We now have the values entered in the plugin dialog window in the data object. It is time to return to the onOk function and start building the contents of the link variable that contains the <a> element.

The URL of the linked page will be added to the <a> element by using the setAttribute function to update the href attribute of the link object with the contents of the url attribute of the data object.

link.setAttribute( 'href', data.url );

If the checkbox setting the link to open in a new page (newPage) was selected, we also need to set the target attribute of the link to _blank by using the setAttribute function again.

if ( data.newPage )
	link.setAttribute( 'target', '_blank' );

If the user decided to apply one of the styles from the drop-down list to the link, we have to add this setting to the link element. We will use a JavaScript switch statement to define the style setting based on the user's choice and use the setStyle function to add an appropriate CSS stylesheet rule to the inline style attribute of the link element.

switch( data.style )
{
	case 'b' :
		link.setStyle( 'font-weight', 'bold' );
	break;
	case 'u' :
		link.setStyle( 'text-decoration', 'underline' );
	break;
	case 'i' :
		link.setStyle( 'font-style', 'italic' );
	break;
}

We now need to insert the Displayed Text data (contents) into the link, in between the <a> and </a> tags. In order to achieve this we will use the setHtml function.

link.setHtml( data.contents );

Finally, the link object has to be inserted into the document, at the position of the cursor. We will use the insertElement function for that.

editor.insertElement( link );

Full Source Code

To see the full contents of the plugin.js file, .

important note

You can also download the whole plugin folder inluding the icon and the fully commented source code.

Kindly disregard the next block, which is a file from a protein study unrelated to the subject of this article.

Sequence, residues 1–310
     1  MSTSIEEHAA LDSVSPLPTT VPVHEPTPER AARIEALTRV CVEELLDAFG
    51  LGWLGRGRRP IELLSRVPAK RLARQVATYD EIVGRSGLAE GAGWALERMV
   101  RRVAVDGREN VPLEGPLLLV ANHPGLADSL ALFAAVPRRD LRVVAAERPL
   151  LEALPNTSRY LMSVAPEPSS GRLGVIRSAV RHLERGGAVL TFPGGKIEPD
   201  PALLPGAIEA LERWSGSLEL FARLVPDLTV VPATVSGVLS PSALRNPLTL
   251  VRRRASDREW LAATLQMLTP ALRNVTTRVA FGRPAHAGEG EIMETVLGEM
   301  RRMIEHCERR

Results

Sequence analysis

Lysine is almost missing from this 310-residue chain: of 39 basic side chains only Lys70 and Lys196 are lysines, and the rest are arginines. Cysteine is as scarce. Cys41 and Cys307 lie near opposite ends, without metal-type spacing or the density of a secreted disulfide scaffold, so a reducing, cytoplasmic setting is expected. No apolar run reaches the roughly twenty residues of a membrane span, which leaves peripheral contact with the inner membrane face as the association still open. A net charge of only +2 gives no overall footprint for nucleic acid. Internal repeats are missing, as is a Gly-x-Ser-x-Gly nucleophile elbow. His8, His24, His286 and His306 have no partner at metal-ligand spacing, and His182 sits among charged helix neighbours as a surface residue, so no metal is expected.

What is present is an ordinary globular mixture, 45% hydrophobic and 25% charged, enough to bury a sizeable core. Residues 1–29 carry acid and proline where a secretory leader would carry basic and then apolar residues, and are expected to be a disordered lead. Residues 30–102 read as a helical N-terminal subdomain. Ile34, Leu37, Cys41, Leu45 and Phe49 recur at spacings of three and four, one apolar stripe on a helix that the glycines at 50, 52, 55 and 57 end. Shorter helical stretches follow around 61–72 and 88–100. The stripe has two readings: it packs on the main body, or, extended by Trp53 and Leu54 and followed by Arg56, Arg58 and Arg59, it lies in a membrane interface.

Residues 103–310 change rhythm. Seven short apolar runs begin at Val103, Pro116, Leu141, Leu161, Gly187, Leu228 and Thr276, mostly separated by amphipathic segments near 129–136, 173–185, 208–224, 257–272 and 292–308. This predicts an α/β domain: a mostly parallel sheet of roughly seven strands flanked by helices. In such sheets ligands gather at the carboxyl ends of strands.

Working Example

The plugin code is now ready. When you click the Insert Link toolbar button, the custom Link Properties dialog window will open. Fill in the obligatory Displayed Text and URL fields, and click the OK button. The checkbox configuring the link to open in a new window is checked by default, but you can uncheck it. You can also change the link style by choosing one of the options from the drop-down list.

Link added in the plugin dialog window


The newly added link will be inserted into the document and displayed with a style selected in the dialog window.

Link added to the document


If you switched to Source view, you could see all the information from the plugin dialog window added as link contents and attributes.

Link element shown in the Source view


Further Enhancements

The SimpleLink plugin is now able to add a new link element to the document by using a custom and simplified dialog window, but does not make it possible to edit an already existing element by using the plugin dialog window. For tips on how to implement this feature along with the context menu support check the Creating a Simple CKEditor Plugin, Part 2 tutorial.

This page was last modified on 13 September 2011, at 11:03.